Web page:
Canada-U.S. oil pipelines resume operations after activists halt flow
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Activists are seen attempting to cut chains after trespassing into a valve station for pipelines carrying crude from Canadian oils sands into the U.S. markets near Clearbrook, Minnesota, U.S., in this image released on October 11, 2016. Courtesy Climate
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By Catherine Ngai and Nia Williams
NEW YORK/CALGARY (Reuters) - Five oil pipelines disrupted by environmental protesters were back up and running on Wednesday after an unprecedented act of sabotage left policy makers and energy executives from Calgary to Washington mulling how to secure key energy infrastructure.
Protesters simultaneously broke into valve stations at five different remote locations on Tuesday to stop the flow of crude through arteries that carry millions of barrels of crude from Canada to the United States every day.
Companies operating the pipelines, which pump around 15 percent of U.S. oil consumption, shut down their lines for between five and seven hours as a safety measure before the restart, according to Reuters estimates and company representatives.
The action on Tuesday underscored the vulnerability of the thousands of miles of pipeline in the United States that deliver energy to consumers.
In Washington, White House spokesman Josh Earnest said on Wednesday the departments of Homeland Security and Transportation were "trying to get to the bottom of what exactly happened and what potential steps could be taken to ensure the safety and security of our energy infrastructure."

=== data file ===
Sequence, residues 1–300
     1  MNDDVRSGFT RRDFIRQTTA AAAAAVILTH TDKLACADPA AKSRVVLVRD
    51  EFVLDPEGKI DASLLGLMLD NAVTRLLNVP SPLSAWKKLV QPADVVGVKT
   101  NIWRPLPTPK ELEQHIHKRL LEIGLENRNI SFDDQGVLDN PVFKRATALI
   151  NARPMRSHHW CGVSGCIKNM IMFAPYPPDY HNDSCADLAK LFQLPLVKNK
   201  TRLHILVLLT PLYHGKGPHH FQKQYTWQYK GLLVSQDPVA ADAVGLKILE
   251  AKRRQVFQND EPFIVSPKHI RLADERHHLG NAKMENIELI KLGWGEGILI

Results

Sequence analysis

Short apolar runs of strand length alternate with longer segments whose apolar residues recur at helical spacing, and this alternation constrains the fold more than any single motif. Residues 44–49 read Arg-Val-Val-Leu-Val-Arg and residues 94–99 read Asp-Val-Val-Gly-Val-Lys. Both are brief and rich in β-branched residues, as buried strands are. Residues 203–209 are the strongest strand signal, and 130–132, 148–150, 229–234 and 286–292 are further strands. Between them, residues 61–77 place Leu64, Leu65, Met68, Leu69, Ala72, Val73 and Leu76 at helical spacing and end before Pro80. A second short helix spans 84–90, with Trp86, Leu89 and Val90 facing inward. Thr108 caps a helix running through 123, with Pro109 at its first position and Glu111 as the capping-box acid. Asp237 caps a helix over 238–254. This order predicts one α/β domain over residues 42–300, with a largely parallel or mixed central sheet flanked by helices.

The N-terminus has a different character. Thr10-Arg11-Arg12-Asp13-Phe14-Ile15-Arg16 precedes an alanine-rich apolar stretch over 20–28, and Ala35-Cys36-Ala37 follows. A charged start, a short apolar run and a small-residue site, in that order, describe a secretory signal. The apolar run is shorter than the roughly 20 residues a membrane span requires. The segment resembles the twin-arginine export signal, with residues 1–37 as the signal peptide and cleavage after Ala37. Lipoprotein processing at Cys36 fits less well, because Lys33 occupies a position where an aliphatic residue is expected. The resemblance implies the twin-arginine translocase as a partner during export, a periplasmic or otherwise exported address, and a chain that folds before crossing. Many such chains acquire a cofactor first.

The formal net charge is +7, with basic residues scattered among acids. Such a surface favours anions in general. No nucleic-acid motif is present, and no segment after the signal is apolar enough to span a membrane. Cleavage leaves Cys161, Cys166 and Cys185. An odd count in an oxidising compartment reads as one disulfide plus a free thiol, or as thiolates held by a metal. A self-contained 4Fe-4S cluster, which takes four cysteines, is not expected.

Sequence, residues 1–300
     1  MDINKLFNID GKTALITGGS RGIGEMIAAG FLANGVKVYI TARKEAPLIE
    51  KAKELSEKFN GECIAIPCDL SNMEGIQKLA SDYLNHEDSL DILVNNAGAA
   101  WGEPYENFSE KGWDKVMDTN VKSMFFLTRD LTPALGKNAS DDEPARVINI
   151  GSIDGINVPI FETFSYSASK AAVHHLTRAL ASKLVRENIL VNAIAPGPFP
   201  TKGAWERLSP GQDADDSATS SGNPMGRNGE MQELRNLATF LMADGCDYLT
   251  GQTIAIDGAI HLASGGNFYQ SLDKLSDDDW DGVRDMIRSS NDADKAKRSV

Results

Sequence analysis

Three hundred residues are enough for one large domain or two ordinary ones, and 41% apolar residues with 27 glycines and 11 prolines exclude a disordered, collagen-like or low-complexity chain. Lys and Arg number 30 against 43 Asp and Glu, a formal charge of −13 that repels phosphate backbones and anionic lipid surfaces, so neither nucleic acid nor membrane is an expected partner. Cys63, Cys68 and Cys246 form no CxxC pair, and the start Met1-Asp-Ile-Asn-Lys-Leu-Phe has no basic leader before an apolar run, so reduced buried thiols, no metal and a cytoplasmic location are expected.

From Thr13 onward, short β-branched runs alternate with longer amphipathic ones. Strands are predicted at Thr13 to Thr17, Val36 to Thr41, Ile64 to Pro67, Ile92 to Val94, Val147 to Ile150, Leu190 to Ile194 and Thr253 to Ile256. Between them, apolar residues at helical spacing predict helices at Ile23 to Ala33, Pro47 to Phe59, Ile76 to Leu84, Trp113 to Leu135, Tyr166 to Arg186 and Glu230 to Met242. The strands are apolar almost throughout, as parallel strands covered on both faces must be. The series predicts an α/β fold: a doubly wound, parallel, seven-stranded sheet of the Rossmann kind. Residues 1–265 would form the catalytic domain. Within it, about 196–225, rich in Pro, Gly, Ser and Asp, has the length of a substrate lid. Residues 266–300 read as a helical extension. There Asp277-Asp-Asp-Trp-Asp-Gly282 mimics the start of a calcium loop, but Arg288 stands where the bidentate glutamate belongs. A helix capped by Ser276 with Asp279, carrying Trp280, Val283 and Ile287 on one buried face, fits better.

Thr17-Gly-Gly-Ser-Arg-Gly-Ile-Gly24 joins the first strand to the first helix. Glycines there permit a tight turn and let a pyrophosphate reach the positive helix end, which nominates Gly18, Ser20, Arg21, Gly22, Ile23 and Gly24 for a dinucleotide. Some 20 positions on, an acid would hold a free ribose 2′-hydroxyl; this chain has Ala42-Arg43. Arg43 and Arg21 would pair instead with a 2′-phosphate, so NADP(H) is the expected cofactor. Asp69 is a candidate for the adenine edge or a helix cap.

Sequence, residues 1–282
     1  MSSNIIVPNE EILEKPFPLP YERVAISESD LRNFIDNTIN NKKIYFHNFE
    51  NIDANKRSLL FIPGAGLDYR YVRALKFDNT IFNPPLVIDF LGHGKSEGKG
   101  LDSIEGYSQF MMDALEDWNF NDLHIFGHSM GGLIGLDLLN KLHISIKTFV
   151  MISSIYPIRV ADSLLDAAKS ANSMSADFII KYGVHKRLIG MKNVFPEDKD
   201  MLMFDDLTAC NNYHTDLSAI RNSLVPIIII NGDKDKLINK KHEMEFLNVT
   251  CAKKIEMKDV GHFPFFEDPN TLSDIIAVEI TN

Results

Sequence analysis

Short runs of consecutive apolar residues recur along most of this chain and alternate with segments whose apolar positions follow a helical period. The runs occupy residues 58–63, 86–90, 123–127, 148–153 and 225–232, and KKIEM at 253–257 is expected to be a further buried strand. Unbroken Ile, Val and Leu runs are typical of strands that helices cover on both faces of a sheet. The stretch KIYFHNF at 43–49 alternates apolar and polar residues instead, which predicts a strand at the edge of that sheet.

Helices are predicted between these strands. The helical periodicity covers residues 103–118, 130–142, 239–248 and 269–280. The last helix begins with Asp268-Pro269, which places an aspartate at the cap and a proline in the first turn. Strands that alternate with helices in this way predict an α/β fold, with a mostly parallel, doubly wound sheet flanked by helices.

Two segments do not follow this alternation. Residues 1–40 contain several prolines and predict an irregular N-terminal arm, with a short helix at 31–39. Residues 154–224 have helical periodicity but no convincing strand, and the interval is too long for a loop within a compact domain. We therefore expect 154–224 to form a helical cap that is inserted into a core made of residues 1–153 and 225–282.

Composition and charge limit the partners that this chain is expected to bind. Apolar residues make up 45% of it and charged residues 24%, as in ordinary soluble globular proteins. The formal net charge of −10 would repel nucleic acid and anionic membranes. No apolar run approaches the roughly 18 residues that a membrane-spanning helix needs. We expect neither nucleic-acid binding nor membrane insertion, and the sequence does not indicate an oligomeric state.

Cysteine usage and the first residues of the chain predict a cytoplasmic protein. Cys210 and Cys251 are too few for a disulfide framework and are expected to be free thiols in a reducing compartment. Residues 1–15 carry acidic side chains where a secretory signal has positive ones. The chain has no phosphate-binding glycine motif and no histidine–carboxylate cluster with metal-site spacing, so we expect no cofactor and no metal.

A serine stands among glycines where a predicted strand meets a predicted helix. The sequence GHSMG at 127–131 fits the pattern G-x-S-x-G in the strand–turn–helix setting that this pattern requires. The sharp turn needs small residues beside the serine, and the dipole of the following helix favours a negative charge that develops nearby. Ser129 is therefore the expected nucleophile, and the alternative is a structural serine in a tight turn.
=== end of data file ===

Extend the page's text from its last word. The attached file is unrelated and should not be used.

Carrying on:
"We certainly take that security quite seriously," Earnest told a daily news briefing.
Protest group Climate Direct Action said on Tuesday the action was to support the Standing Rock Sioux Tribe, which is protesting construction of the $3.7 billion Dakota Access pipeline, carrying oil from North Dakota to the U.S. Gulf Coast.
Activists across Montana, Minnesota, North Dakota and Washington state were arrested on Tuesday after the early-morning raids, which they posted on social media.
Part of that group included a documentary filmmaker, who was arrested and had her footage confiscated. She remained in custody in Pembina County, North Dakota, on Wednesday.
In Washington state, three protesters are in custody and are expected to face formal charges by Thursday evening, said Chris Baldwin, a sergeant with Skagit County Sheriff's office.
In Minnesota, two people have been charged in connection with pipeline tampering, said Rick Mollin, the county attorney for the Clearwater County Attorney's office.
TransCanada Corp's Keystone pipeline, Spectra Energy Partners LP's Express pipeline and Enbridge Inc's Line 4 and 67 all restarted Tuesday afternoon, according to company representatives.
Information provider Genscape said Keystone was running at reduced rates.
Kinder Morgan Inc said it was not operating a spur of the pipeline affected by the protesters, although it has since restarted the main pipeline.
Together, the pipelines can carry nearly 2.8 million barrels a day of crude across the border.
In Texas on Wednesday, a gathering of around 150 activists organized by the Texas Environmental Justice Advocacy Services held a protest in front of the offices of Energy Transfer Partners, spearheading construction of Dakota Access.
(Reporting by Catherine Ngai in New York and Nia Williams in Calgary; additional reporting by Rory Carroll in San Francisco, Jeff Mason in Washington, DC and; Editing by Simon Webb and James Dalgleish)
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